d. Life-contingent annuities and pensions (i.e., contracts that provide


compensation for the uncertain future event, the survival of the
annuitant or pensioner, to assist the annuitant or pensioner in
maintaining a given standard of living, which would otherwise be
adversely affected by his or her survival).

e. Disability and medical cover.

f. Surety bonds, fidelity bonds, performance bonds and bid bonds


(i.e., contracts that provide compensation if another party fails to
perform a contractual obligation, for example an obligation to
construct a building).

g. Credit insurance that provides for specified payments to be made


to reimburse the holder for a loss it incurs because a specified
debtor fails to make payment when due under the original or
modified terms of a debt instrument.

These contracts meet the definition of a financial guarantee


contract which is within the scope of PFRS 9 and PAS 32. Thus,
these contracts may only be accounted for under PFRS 4, if the
issuer has previously asserted explicitly that it regards such
contracts as insurance contracts and has used accounting
applicable to insurance contracts. See also previous discussions.

PFRS 4 defines a financial guarantee contract as “a contract that


requires the issuer to make specified payments to reimburse the
holder for a loss it incurs because a specified debtor fails to make
payment when due in accordance with the original or modified
terms of a debt instrument.”

h. Product warranties issued by another party for goods sold by a


manufacturer, dealer or retailer.

Product warranties issued directly by a manufacturer, dealer or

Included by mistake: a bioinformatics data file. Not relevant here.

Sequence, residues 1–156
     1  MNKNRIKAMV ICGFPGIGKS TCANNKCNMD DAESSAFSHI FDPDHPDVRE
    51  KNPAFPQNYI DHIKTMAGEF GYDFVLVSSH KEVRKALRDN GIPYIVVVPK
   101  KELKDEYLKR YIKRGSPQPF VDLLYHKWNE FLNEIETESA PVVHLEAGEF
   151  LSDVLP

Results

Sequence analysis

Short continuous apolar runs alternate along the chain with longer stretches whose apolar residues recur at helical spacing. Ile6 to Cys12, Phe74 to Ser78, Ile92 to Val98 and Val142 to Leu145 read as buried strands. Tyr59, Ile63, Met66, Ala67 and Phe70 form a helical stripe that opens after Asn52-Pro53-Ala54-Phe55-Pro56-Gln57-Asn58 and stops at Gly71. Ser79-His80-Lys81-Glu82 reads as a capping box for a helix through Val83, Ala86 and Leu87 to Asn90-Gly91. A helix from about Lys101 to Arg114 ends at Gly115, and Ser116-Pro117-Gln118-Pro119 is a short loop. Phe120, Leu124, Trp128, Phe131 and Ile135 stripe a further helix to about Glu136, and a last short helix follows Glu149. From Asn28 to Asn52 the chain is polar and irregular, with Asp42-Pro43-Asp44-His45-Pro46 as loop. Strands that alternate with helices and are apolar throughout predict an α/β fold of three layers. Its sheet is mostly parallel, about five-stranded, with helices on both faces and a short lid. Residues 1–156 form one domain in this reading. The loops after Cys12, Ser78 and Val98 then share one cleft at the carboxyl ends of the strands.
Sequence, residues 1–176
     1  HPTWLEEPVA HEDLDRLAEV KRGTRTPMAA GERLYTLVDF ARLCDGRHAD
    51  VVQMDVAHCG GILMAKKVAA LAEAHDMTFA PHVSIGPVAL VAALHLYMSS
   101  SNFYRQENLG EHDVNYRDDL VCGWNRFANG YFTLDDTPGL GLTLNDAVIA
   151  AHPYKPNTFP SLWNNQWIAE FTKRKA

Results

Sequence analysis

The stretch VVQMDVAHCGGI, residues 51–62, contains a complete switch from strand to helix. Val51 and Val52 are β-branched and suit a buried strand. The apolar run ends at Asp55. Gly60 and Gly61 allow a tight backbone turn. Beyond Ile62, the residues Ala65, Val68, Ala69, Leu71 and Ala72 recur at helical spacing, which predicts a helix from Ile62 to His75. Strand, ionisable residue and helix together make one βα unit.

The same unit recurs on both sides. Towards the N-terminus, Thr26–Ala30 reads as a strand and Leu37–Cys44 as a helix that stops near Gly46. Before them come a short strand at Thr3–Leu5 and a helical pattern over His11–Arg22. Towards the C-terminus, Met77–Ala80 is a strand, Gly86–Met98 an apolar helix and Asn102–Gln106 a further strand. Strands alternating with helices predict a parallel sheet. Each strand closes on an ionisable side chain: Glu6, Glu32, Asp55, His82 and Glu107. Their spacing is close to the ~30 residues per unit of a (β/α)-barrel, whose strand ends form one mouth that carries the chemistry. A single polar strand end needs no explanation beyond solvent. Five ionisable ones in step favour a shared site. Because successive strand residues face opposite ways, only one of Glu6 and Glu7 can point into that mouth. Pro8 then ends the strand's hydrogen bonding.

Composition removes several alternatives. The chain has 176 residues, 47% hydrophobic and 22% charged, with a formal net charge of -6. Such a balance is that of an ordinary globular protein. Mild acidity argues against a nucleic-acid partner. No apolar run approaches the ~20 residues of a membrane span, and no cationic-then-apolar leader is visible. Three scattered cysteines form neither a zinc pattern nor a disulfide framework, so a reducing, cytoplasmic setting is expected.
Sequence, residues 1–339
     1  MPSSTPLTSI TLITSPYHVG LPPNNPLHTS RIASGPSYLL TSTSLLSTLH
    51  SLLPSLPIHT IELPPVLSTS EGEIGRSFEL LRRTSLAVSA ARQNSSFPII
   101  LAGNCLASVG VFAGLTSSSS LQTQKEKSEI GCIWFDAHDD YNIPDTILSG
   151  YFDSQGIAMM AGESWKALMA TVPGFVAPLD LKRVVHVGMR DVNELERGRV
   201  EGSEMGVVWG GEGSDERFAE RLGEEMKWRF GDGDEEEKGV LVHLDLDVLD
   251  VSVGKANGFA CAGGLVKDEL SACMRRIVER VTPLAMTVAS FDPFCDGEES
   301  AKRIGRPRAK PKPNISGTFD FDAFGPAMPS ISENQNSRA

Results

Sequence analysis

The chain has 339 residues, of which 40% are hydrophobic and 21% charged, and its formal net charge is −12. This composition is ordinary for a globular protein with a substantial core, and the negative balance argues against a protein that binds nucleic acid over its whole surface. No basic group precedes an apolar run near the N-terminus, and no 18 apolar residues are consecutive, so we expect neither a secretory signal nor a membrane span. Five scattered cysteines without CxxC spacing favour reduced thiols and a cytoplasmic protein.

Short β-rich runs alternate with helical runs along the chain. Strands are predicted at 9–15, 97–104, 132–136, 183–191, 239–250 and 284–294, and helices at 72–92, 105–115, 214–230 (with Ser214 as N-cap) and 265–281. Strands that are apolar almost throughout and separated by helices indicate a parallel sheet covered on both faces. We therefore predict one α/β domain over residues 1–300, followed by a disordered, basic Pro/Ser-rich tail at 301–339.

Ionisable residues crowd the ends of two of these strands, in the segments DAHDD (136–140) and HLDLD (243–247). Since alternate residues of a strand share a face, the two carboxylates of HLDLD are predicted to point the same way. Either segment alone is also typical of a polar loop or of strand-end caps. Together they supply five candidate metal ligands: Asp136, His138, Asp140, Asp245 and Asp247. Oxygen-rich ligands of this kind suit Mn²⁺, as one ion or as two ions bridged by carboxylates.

retailer are outside the scope of PFRS 4 because they are within
the scope of PFRS 15 and PAS 37.

i. Title insurance (i.e., insurance against the discovery of defects in


title to land that were not apparent when the insurance contract
was written). In this case, the insured event is the discovery of a
defect in the title, not the defect itself.

579
j. Travel assistance (i.e., compensation in cash or in kind to
policyholders for losses suffered while they are travelling).

k. Catastrophe bonds that provide for reduced payments of


principal, interest or both if a specified event adversely affects the
issuer of the bond (unless the specified event does not create
significant insurance risk, for example if the event is a change in
an interest rate or foreign exchange rate).

l. Insurance swaps and other contracts that require a payment


based on changes in climatic, geological or other physical
variables that are specific to a party to the contract.

m. Reinsurance contracts.

PFRS 4 provides the following examples of items that are not


insurance contracts:
a. Investment contracts that have the legal form of an insurance
contract but do not expose the insurer to significant insurance
risk, for example life insurance contracts in which the insurer
bears no significant mortality risk (such contracts are non-
insurance financial instruments or service contracts)
b. Contracts that have the legal form of insurance, but pass all
significant insurance risk back to the policyholder through non-
cancellable and enforceable mechanisms that adjust future
payments by the policyholder as a direct result of insured losses,
for example some financial reinsurance contracts or some group
contracts (such contracts are normally non-insurance financial
instruments or service contracts).
c. Self-insurance, in other words retaining a risk that could have
been covered by insurance (there is no insurance contract
because there is no agreement with another party).
d. Contracts (such as gambling contracts) that require a payment if
a specified uncertain future event occurs, but do not require, as a
contractual precondition for payment, that the event adversely